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Dispatch From Europe: Warp Films Heats Up with Distribution and Production; Karlovy Vary Preview

Dispatch From Europe: Warp Films Heats Up with Distribution and Production; Karlovy Vary Preview

Dispatch From Europe: Warp Films Heats Up with Distribution and Production; Karlovy Vary Preview

by Wendy Mitchell

Damian Echols, subject of Joe Berlinger and Bruce Sinofsky’s documentaries “Paradise Lost” and “Revelations: Paradise Lost 2.”

Joe Berlinger and Bruce Sinofsky‘s documentaries “Paradise Lost” (1996) and “Revelations: Paradise Lost 2” (2000), hailed as some of the most important non-fiction films in the past decade, are back in the spotlight. New U.K. distributor and production company Warp Films is releasing the docs on DVD June 20, and, even more impressively, is launching a theatrical run in England and Scotland in June and July.

If you had to pigeonhole Warp’s releases so far, the only common trait might be “disturbing.” Its award-winning production of Shane Meadows“Dead Man’s Shoes” followed a man seeking violent revenge in the English Midlands. (That film, which had been one of indieWIRE’s top 15 undistributed films of 2004, will be released in U.S. theaters by Magnolia Pictures.) And the “Paradise Lost” docs are the haunting story of three teenage boys behind bars for the shocking murders of three young boys in a small Arkansas town. Later this month, Warp will release “Rubber Johnny,” an experimental short film and accompanying art book by Chris Cunningham. The director is famed for his disturbing music videos for Aphex Twin (“Come to Daddy,” “Windowlicker”), and “Rubber Johnny” pushes the envelope as well — it’s about a shape shifting mutant child locked in a basement.

It shouldn’t be surprising that Warp Films isn’t going after a mainstream audience. The company was formed as an offshoot of groundbreaking music label Warp Records in 2001. Its mission statement echoes the cutting-edge vibe of the music slate: “By keeping the creative process at the core of our approach to filmmaking, Warp Films aims to create fresh and innovative feature length and short films to be viewed by a wide audience.”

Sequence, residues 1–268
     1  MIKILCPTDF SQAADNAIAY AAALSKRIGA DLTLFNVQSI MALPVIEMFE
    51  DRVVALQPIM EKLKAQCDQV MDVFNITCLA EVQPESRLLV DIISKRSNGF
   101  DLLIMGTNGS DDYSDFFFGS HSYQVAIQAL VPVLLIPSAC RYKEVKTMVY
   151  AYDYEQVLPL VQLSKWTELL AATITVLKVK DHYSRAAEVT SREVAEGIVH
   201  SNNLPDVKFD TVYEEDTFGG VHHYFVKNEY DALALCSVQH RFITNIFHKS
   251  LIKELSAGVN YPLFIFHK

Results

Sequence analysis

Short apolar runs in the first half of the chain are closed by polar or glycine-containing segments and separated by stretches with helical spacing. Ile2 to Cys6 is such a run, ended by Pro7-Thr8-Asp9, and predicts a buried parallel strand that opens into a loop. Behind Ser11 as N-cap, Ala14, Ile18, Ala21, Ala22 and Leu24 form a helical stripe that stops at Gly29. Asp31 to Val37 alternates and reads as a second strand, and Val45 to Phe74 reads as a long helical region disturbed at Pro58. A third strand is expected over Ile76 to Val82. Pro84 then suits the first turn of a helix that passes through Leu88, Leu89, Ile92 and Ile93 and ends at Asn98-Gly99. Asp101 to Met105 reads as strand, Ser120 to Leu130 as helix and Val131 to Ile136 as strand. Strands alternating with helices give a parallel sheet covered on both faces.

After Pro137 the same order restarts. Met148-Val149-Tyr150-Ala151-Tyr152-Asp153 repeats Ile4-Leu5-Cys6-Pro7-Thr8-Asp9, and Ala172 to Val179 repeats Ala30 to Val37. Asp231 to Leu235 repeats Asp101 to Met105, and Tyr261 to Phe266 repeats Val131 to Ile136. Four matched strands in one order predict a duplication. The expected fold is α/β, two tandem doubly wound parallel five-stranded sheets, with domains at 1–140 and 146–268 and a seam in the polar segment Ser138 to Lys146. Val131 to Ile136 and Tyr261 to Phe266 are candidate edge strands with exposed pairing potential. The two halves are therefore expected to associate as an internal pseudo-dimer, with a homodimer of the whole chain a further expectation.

Developing lasting relationships with directors is crucial, says Mark Herbert, managing director of Warp Films. Cunningham is now developing two features with the company, and Shane Meadows will also make his next film with Warp. The company also plans to work on a feature with Lynne Ramsay (“Ratcatcher,” “Morvern Callar”). “We are very much into people with an individual style, directors who genuinely have a vision,” Herbert says. “We look at them as artists who will grow over time. It’ll be interesting bodies of works, not necessarily making a lot of money on one particular film release.”

Warp is in pre-production with Shane Meadows on his next film, which could be shooting as soon as August. That project is set in the 1980s, delving into the skinhead subculture in England. Funding will come from the U.K. Film Council as well as Film Four, which has a first-look deal with Warp. Herbert notes that the company’s production office in Sheffield also opens up doors to regional funding agencies. (Warp’s distribution activities are run through its London office.)

While features may take the spotlight, Warp Films is committed to working with directors on shorts when appropriate. “Rubber Johnny” will be out on DVD, in theaters with “Paradise Lost,” and also available for download at Shorts have been successful for the company in the past — Warp’s first release was short “My Wrongs #8245-8249 & 117” from well-known British comedian Chris Morris. That 12-minute comedy won a BAFTA and sold 25,000 copies in the U.K.